Monday, April 05, 2010

Who Knew New Who would be so brilliant?

40 hours on and I've barely recovered from the assault on my emotions that was Matt Smith's debut as the Doctor. I think it's all going to be all right after all. I'd wondered how the programme would adapt to the departure of both Russell T Davies and David Tennant and whether Stephen Moffat show he could do comedy as well as creepy.

He can. Oh yes. He can.

I'll start with the only thing I didn't like - the first part of the theme music. It's monotonous and doesn't sound as if it's really going anywhere. Then it bursts into the familiar and comforting boing boing boing woo hooo thing that's part of all Who fans' DNA. The opening graphics which accompany it are brilliant too - a grown up 21st century version of what we all grew up with.

From a senstional, scary flying cross London before crashing in a sleepy village scene, to the unveiling of the new reborn TARDIS, there wasn't one single moment when you were aware of breathing.

My heart broke for the little girl left on her own, looked after by an unseen and by implication unloving aunt, so desperate at the chance of a new and exciting life that she excitedly packed her suitcase with her teddy bear and toothbrush to go off with the mad stranger in the blue box. Anna has been told that if ever a man in a blue box lands in our garden and asks to take her away, she's to come and get her Mummy first:-).

Her childhood was overshadowed by the "Raggedy Doctor" who promised to be back in 5 minutes and who never returned - or at least not until 12 years later. A child can sink or swim in that position - and Amelia Pond decided to swim, growing up to be a feisty young woman. When the Doctor did return, she completely owned him on several occasions, first with the help of a cricket bat and some handcuffs and then by trapping him in a car door with his tie - or that would still be David Tennant's tie to be accurate.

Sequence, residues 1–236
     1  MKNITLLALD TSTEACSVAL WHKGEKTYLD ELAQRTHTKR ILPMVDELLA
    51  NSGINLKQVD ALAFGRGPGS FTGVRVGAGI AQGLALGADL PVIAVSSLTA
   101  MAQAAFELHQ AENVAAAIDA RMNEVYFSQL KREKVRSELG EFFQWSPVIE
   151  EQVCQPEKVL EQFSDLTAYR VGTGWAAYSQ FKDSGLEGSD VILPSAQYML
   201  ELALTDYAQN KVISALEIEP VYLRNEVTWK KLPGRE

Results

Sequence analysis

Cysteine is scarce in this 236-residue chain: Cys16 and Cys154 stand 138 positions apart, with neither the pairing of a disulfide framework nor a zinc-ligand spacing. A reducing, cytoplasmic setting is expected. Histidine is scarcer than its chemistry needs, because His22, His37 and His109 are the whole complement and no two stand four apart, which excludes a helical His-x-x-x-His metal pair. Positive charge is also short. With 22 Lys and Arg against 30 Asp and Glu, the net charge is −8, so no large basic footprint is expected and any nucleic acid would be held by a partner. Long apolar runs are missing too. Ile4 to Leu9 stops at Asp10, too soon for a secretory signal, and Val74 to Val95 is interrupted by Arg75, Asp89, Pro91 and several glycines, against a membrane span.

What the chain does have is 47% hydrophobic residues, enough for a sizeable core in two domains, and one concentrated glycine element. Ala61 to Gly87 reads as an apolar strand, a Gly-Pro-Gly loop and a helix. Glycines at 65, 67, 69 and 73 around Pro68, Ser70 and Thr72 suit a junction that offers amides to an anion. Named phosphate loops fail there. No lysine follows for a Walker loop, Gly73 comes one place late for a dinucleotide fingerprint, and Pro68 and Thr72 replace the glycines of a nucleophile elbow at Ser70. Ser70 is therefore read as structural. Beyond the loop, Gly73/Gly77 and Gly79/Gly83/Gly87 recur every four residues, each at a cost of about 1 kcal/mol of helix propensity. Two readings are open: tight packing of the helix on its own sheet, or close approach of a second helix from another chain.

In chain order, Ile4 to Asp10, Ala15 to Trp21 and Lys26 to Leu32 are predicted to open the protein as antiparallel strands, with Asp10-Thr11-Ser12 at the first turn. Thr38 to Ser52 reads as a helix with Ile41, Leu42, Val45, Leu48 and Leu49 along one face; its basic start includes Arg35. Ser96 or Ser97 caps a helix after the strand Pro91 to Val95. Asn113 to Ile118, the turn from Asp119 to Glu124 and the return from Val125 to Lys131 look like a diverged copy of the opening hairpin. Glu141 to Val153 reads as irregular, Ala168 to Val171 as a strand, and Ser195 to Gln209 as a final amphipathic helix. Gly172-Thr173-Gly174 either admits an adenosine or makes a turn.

The grown up Amy Pond, played by Inverness's Karen Gillan, has all the potential to be one of the best assistants ever - and we've seen some good ones. The Doctor is not going to have things all his way.

I don't want to spoil the story for those who haven't seen it but there is some superb comedy. Only a Scottish Executive Producer would get away with allowing dialogue like "You're Scottish, fry something". There's a cool moment as well as Matt Smith establishes himself to the aliens as the same Doctor they've heard of and we see the faces of his predecessors.

At the end of the episode we see the new TARDIS. The Doctor said he'd be back for Amy in 20 minutes, but it was in fact 2 years, on the eve of her wedding, that he reappeared and they went off together. She didn't say "It's bigger on the inside" but she looked on in wonder at what looks like a combination between art deco space ship and shambling professors' study, complete with an old manual typewriter. I love the uppy downy thing in the middle of the console. Somebody suggested to me that it looked like something very naughty indeed..... You learn something new every day.

I'm looking forward to next week's episode. I expected that I'd have to endure rather than enjoy Matt Smith's debut. Just shows how wrong you can be.

Russell T Davies brought back an updated verion of the Doctor to enchant a new generation. Stephen Moffat may well be bringing back the Doctor we all knew growing up but with a decent sized budget. I was determined to give Matt Smith a chance and not lose out on him the way I lost out on Peter Davison whose only crime was not being Tom Baker. Well, this start has got me hooked. Let's hope it continues as well. I don't see how it can't though, with weeping angels, the Daleks, Cybermen and River Song to come.....


Liberal Neil said...

I thought it was excellent too.

I thought Amy's resistance to the Doctor's attempt to make the 'bigger on the inside' comment was nicely done.

Overall i thought it was a great combination of all that is good about the old Who added to all that is great about new Who.

Keith Legg said...

Managed to catch it from about 20 mins in (blame Mr Rennie's leaflets!) and was impressed. I liked the Doctor's line to Amy about why she should go with him - "That accent's never changed. You're a Scottish girl growing up in an English village - I know what that's like."

Of course, my Amy - red hair, Scottish - thinks the Doctor's Amy is brilliant.


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